A perfect example of such realpolitik can be found in the miasma that is Iraq today. The Coalition is fighting tooth and nail to Iraq as a single, unified state and not to let it break up into a Kurdish north, Shi'ite south and Sunni middle, despite the fact that this would alleviate many of the existing sectarian tensions. Why is that? Iraq as a country has only existed since 1932 when it was created by the British as an amalgam of three ex-Ottoman regions, which, funnily enough, correspond to the Kurdish, Shi'ite and Sunni regions today. Why not leave it as it originally was? The reason is quite simple. An independent Kurdish state would annoy the Turks (allies of the West) and give legitimacy to their Kurdish separatist movement; a Shi'ite south would fall under the influence of Iran, and we can't let that happen; and the Sunnis in the middle would be pissed off at losing their oil wealth and status. So, for these dubious reasons, a shoddy status quo is maintained and the ordinary people on the ground suffer.

Sunday, December 11, 2005


Aurangabad used to be the seat of power during the last Mughal emperor's (Aurangzeb, hence the name of the city) reign, though you wouldn't be able to tell by walking around today. Apart from some remains of the old city wall, and some of its gates, there is little to distinguish Aurangabad from any other dusty, commercial Indian city (well, that's not entirely true, there is a rather tatty mausoleum that tries to imitate the Taj Mahal, which must have been pretty in its day). The two reasons for coming here lie in the hills close by. They are Ajanta and Ellora.

The two are cave temple complexes carved out of the basalt rock of the hillsides some 2200 to 1200 years ago. Most of the temples are Buddhist, though at Ellora there are Hindu and even Jain temples, and carved horizontally into the hillside. Some of them still contain their carvings and statues, and others yet have managed to retain some of the exquisite frescoes, which must have adorned the entirety of all the caves, portraying the lives of Buddha. But the crowning glory is to be found amongst the Hindu temples at Ellora. This one temple is called the Kailasa temple because it is supposed to represent Mount Kailash, Shiva's abode on earth. The temple was constructed by digging out the rock from the top down (so in actual fact it's not really a cave), so that this whole, monumental building (twice the size of the Parthenon in Athens) is actually made out of one single piece of rock! Something that, as far as I know, has never been done anywhere before or since. The scale of it just takes your breath away, and yet at closer inspection, despite the awesome grandeur, there is also fine attention to detail with smaller sculptures dotted all over the place. It just boggles the mind that something so audacious was even attempted all that time ago, let alone accomplished with such aplomb.

Thursday, December 08, 2005

Party Animal

I'm not having too much luck with birthdays on this trip. One would imagine that crossing the quarter century mark would be a rather momentous occasion, but instead the day has been rather subdued, but interesting nonetheless. Some time was spent at the Prince of Wales museum (now, of course, called the Chhatrapati Shivaji Maharaj Vastu Sangrahalaya), but mostly I just wandered around among the many booksellers that throng the pavements around the university and High Court. Although normally I'm no fan of shopping and fail to see how it can be viewed as a leisure activity (for me it's a necessary evil: I know what I want, go in, grab it, buy it, and leave as quickly as possible) I make an exception when it comes to books. By the end of the day I managed to successfully encumber myself with far too many tomes which I shall have to send back home at some point.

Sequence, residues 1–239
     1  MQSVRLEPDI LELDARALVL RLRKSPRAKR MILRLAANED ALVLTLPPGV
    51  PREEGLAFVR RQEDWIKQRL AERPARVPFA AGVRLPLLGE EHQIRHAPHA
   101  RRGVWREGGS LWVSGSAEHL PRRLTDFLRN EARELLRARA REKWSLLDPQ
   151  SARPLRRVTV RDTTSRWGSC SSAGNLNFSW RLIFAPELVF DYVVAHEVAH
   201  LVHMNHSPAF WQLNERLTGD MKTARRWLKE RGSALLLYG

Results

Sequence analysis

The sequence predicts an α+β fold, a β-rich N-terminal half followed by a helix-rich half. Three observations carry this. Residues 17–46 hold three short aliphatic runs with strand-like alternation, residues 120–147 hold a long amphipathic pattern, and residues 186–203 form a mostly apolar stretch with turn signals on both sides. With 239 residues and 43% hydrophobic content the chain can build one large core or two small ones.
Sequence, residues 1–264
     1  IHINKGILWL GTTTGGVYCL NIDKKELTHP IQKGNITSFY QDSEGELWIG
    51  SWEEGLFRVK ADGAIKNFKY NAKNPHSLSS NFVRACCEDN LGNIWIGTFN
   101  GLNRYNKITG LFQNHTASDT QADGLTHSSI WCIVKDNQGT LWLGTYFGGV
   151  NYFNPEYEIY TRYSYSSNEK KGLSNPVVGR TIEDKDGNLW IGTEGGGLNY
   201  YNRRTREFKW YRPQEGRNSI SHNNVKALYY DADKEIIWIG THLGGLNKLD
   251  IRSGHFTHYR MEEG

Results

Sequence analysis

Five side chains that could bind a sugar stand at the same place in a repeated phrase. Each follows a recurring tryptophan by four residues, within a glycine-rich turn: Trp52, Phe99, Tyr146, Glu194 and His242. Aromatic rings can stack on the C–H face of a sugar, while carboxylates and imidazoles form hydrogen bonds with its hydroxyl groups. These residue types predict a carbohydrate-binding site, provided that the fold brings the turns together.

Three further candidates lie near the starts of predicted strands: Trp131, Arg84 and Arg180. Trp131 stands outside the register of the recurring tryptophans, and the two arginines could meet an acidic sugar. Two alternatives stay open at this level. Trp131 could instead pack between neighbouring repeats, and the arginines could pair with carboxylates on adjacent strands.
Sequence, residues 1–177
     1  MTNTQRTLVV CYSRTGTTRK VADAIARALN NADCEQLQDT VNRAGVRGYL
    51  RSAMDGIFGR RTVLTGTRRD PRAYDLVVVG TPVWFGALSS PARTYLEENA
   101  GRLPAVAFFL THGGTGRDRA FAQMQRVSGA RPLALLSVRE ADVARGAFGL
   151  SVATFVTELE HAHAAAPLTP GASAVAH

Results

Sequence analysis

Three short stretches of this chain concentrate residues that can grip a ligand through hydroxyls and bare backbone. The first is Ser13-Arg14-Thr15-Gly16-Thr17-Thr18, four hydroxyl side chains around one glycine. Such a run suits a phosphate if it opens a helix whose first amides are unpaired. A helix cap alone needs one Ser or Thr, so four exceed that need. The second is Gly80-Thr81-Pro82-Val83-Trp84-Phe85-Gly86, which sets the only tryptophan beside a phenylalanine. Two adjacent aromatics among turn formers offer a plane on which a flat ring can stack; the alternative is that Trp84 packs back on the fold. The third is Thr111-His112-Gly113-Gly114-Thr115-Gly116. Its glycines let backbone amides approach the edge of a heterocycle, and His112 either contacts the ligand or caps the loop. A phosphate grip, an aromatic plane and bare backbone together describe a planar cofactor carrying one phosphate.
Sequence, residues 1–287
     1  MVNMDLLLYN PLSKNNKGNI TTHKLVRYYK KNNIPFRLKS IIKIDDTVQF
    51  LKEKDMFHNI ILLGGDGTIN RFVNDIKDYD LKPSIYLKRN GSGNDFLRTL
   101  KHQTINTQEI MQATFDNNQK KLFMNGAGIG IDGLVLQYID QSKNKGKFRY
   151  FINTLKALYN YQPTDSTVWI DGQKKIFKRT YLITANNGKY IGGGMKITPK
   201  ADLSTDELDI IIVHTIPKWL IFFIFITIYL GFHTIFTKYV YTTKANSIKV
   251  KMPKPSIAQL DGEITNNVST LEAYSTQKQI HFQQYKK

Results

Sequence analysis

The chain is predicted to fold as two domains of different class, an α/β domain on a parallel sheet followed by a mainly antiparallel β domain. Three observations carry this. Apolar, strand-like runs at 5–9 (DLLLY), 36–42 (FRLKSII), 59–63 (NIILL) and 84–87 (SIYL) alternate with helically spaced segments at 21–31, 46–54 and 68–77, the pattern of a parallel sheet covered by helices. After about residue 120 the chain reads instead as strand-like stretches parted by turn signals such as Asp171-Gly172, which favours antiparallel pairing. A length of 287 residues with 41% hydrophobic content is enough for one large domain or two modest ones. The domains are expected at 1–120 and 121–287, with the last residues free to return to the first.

As for tonight? well, I'm going to have myself a little fiesta on the night train to Aurangabad (8 hours NE of Bombay). I did know a few people here in town, but they left last night for Goa; probably because they didn't want to fork out to get me birthday presents (only joking). But I suppose it's good training spending a birthday on my own, so that I'll be more used to it when I become an old, eccentric bachelor surrounded by stacks of bric-a-brac.

Wednesday, December 07, 2005

Bollywood Or Bust

I am now in Mumbai, India's economic and (pop) cultural powerhouse. For those of you unable to locate Mumbai on the map, try looking under Bombay. Yes, it is one of those irksome entities: places that have changed their names for jingoistic, nationalistic reasons (as you might have guessed, I'm not a big fan). I have nothing against changing names to reflect local pronunciation or original appellation, such as renaming Calcutta Kolkata and Rangoon Yangon, or even changing Karl-Marx-Stadt back to Chemnitz. What I do object to is when places like Bombay (and Madras further south), which were essentially built on empty plots of land, are renamed in, what appears to me, an act of denial. It may seem like a petty thing to get worked up about, but the colonial era, despite it not being a particularly pleasant time in India's past, forms part of the country, and so airbrusing it out like this is like denying part of one's self. The same thing has been done at a smaller level with the beautiful Victoria (train) Terminus, which is now called Chhatrapati Shivaji Terminus (and yes, it is spelt with 2 aitches).